Years ago we received a lovely “troll” postcard from a dear Chicago area Swedish friend who was traveling in her homeland. What immediately caught our eye was the beautiful, colored butterfly stamp featuring what to the Swedes is the “Sorgmantel.”
In small print below the butterfly on the stamp is its scientific name, Nymphalic antropa, the international name used by scientists in all countries where this large butterfly lives. We in the U.S. call it the mourning cloak.
The wings and bodies of these three-inch wide creatures are deep purplish-brown, velvety and, in fact, quite hairy. Even the surfaces of their eyes are covered by fine hairs. A broad yellow band on the outer margins of their wings is highlighted by a row of light blue spots as seen from above, just inside the band. Two white spots adorn the outer edge of each forewing.
Describe this butterfly to someone from England and the response may be: “Oh, do you mean the Camberwell Beauty?” The first mourning cloak butterflies caught in England were thought to have traveled there as adults on barges carrying wooden posts from Finland.
They were captured in 1748 in the rustic country village of Camberwell on the outskirts of London and given the name Camberwell beauty. Today, Camberwell has lost its country charm and instead has been incorporated into the borough of Southwark, a bustling metropolitan borough of south London.
The mourning cloak was the last butterfly we saw on our property last year, that being on a sunny November day. What continually amazes us is that this very butterfly is in all likelihood spending the winter, as an adult, inside a woodpile or brush pile or behind a large flap of loose bark on a dead tree.
I wish I could explain the chemical change that occurs in this butterfly’s body fluid, preventing the water cells from freezing and bursting. Could this life-preserving chemical be something like the ethylene glycol which, when added to water in your car’s radiator, prevents it from freezing?
Quite a few other insects, including cluster flies and several other species of butterflies, can withstand below-freezing temperatures. In some years, the first adult butterfly I see, usually in March, at our home in the woods is the Milbert’s tortoiseshell, a small predominantly black, orange and white butterfly that has overwintered as an adult. Anglewings, such as the comma, are also spending the winter in diapause, their period of inactivity.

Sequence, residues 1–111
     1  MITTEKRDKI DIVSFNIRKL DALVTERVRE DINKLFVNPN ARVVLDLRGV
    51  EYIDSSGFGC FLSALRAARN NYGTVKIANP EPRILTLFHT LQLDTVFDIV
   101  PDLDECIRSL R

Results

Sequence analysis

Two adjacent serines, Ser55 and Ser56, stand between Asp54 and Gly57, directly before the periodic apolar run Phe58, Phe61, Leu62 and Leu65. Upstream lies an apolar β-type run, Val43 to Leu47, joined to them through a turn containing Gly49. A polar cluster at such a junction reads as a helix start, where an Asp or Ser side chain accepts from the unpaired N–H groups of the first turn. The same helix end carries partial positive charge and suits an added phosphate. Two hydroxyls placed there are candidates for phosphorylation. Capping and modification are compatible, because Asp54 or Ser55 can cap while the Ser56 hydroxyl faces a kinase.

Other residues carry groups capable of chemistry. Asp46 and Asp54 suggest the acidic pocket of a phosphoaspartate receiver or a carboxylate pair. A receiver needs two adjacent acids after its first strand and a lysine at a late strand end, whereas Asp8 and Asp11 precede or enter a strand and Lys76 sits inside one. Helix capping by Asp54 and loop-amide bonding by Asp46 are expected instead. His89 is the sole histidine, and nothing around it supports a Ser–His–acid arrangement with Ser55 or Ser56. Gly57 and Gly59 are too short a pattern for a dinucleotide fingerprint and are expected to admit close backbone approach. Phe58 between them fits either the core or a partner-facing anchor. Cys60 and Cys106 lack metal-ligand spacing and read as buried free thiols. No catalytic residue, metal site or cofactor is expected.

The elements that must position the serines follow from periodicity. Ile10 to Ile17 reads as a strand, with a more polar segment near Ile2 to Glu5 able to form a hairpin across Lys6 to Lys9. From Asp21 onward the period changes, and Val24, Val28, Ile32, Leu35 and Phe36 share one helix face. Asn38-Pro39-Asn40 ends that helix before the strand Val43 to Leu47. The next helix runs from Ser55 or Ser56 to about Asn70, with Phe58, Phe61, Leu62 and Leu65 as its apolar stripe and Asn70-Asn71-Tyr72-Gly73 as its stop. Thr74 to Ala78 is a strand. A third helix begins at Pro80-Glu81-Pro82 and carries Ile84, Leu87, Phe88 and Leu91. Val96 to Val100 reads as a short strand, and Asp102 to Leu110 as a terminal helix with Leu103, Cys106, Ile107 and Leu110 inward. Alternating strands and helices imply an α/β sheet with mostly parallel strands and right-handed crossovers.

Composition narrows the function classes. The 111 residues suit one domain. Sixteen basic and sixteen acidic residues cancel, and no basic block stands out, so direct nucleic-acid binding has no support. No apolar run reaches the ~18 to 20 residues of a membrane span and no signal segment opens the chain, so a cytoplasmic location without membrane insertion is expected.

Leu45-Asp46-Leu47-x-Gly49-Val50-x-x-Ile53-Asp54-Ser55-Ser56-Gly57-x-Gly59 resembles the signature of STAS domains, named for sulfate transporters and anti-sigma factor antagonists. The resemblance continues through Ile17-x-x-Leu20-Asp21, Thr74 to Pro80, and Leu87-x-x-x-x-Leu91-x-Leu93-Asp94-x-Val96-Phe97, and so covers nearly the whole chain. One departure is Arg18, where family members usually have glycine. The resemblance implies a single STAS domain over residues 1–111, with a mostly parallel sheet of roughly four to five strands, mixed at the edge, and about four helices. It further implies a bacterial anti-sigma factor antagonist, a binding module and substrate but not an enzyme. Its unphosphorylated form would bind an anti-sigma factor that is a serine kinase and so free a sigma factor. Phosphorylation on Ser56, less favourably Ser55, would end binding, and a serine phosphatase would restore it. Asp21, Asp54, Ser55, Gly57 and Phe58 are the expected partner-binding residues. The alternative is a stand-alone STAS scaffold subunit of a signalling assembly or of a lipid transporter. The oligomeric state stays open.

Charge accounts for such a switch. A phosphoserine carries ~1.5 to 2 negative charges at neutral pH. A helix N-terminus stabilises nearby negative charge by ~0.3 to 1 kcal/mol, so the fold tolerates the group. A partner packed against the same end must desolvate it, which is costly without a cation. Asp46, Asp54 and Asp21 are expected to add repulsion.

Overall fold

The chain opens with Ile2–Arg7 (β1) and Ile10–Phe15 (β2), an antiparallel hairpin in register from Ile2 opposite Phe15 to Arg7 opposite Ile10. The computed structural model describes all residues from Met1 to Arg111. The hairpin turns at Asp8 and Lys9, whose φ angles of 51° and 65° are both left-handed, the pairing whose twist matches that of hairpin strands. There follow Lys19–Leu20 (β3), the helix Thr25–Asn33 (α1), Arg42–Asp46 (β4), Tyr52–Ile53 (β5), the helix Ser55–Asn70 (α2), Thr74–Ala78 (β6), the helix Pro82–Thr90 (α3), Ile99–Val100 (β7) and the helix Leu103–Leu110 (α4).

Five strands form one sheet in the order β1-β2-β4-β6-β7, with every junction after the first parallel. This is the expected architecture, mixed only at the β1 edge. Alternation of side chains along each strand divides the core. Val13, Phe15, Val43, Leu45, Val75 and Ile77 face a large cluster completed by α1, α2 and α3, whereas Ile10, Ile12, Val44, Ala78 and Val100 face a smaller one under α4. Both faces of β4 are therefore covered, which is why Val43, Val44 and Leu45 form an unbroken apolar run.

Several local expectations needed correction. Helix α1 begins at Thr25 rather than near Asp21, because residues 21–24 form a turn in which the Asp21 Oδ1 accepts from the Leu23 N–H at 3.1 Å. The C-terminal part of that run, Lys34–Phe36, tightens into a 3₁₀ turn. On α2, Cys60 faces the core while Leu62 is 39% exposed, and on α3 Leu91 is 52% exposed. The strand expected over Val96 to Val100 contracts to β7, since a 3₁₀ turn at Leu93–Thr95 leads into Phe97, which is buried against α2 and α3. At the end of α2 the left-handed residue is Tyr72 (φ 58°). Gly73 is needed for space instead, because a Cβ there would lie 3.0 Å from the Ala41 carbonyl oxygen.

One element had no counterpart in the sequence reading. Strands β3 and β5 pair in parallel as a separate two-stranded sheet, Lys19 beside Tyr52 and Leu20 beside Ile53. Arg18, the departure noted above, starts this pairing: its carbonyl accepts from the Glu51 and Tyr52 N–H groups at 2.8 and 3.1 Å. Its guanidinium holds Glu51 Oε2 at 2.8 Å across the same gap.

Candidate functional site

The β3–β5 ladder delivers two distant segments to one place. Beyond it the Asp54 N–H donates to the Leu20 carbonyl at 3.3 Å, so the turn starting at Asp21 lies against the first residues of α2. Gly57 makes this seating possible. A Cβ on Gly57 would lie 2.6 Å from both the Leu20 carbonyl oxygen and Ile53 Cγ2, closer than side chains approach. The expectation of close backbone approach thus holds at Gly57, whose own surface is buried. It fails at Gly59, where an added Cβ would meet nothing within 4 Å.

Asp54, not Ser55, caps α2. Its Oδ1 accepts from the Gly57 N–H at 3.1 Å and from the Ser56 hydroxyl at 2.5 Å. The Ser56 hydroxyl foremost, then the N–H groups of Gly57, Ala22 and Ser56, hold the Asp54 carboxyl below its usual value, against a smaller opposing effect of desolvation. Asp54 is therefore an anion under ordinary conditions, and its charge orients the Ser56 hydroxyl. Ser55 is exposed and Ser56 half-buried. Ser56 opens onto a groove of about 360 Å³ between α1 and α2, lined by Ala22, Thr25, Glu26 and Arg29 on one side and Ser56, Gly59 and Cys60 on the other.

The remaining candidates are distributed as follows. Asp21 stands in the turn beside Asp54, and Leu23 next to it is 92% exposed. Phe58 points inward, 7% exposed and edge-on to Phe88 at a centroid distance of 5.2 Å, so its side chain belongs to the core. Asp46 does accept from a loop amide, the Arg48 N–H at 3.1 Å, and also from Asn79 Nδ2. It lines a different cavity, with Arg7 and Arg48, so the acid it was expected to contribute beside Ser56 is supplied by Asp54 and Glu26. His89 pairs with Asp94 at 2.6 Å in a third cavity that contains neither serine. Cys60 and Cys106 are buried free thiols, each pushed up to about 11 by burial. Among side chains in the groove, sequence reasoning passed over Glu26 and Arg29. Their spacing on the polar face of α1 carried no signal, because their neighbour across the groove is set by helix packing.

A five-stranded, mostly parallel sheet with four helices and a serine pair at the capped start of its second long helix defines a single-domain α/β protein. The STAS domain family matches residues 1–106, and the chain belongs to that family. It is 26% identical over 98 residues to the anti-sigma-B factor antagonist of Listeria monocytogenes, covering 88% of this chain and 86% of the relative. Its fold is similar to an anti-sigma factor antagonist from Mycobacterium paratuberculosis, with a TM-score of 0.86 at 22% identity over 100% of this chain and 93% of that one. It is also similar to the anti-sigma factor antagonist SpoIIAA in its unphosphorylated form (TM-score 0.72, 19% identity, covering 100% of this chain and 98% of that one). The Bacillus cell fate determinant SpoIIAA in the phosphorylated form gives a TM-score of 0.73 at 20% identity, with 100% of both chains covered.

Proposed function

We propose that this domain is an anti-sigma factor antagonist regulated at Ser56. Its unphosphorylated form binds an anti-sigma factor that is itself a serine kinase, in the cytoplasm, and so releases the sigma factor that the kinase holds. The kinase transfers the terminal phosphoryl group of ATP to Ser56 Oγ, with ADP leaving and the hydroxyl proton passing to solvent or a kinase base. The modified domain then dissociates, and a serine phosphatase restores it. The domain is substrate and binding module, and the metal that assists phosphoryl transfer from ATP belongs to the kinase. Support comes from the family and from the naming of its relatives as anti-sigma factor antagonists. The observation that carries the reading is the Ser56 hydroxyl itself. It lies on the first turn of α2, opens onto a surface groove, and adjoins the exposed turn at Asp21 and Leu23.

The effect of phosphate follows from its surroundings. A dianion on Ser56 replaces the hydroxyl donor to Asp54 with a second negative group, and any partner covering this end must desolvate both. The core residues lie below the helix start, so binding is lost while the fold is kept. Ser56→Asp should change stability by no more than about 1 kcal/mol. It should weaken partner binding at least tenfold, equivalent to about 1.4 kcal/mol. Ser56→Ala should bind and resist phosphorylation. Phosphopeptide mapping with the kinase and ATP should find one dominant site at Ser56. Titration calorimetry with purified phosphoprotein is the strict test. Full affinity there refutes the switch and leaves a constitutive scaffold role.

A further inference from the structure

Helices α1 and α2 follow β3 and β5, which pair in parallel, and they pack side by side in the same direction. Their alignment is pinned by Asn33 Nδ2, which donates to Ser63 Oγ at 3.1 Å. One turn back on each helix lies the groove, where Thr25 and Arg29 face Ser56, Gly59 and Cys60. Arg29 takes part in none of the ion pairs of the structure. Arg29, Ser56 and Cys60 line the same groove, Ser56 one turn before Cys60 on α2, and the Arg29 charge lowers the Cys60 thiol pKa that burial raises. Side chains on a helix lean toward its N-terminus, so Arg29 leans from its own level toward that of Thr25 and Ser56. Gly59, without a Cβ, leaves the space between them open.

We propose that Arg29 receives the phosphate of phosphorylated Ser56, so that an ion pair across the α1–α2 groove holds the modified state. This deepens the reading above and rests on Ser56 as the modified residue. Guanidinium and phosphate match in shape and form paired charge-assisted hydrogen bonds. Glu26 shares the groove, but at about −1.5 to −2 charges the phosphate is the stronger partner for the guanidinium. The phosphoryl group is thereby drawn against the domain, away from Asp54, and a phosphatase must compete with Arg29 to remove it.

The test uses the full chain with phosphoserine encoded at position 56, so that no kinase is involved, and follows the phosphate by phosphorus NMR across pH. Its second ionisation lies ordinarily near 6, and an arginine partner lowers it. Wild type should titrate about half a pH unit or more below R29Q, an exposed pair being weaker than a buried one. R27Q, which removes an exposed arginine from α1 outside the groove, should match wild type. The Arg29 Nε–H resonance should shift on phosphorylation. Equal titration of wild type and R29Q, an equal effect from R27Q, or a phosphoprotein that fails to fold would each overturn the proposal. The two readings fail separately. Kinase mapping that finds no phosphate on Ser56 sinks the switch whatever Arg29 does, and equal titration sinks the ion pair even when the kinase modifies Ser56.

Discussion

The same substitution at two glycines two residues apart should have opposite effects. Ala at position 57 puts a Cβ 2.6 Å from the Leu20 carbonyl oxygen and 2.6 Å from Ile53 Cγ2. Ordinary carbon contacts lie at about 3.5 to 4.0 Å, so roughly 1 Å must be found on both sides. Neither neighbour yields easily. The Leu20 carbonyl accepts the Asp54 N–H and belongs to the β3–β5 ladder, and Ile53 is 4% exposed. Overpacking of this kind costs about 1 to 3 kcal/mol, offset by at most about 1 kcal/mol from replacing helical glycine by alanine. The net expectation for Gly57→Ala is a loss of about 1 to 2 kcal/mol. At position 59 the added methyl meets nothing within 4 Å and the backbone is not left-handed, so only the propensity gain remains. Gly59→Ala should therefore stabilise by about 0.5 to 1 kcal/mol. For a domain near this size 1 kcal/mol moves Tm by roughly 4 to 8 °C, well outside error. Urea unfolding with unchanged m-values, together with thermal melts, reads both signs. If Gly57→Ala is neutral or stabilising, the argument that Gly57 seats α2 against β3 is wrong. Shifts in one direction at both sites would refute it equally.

All butterflies of this temperate region spend the winter in diapause. Depending upon the species, this long cold period of inactivity may be in any one of the four life stages (egg, larva, pupa or adult).
The tiny hairstreak butterflies overwinter in the egg stage. Two of our favorites, the white admiral and the viceroy, spend the winter in the larva or caterpillar stage. Depending upon the latitude, a red admiral may overwinter in either the pupa or adult stage.
The only highly regular migratory butterfly from this part of the world is the monarch; it was the last generation of at least three during the summer of 2016 that had the instinct to migrate. Monarchs left northeastern Wisconsin, headed southward, in late September and ended up in the high, fir-clad mountainous region west of Mexico City.
Let’s say these migratory monarchs emerged from their chrysalises sometime in early September, migrated and, after wintering in a rather dormant condition at slightly above 50 degrees in Mexico, will head northward in early spring. These adults will mate and die around six to eight months after their lives as adults began last September.
The eggs laid by the female before dying will hatch and these offspring will find their way back to our state by late May or early June.
Several years ago, we had a phone call from a woman in Sister Bay excitedly telling of suddenly discovering a live mourning cloak butterfly flitting around in their living room – in the middle of winter! She asked, “How did it get here?” and “What should we do?”
I soon learned they heated their house with a woodstove, so I assumed the butterfly had been wintering in their outside woodpile and was scooped up within an armful of wood and brought into the warm house, where it soon revived and began to fly.
My suggestion on feeding was to put some sugar water in a spoon or jar cover, let the butterfly alight on a hand and ever so carefully uncoil its curled-up tongue to the sugar water. I had done this successfully several times in the past with monarch butterflies. We never did learn how the unusual winter visitor fared. I can’t visualize how that butterfly would have possibly survived had it been simply released outdoors into the below-freezing air.
We bask indoors in our warm home on this windy, frigid February day wondering where the November mourning cloak butterfly is at this moment. Hopefully on our walk out to the mailbox on a calm, sunny, warm March day this wonderful insect will nonchalantly sail above our heads, and we will be more awed and respectful than ever of this hardy but frail partner in nature.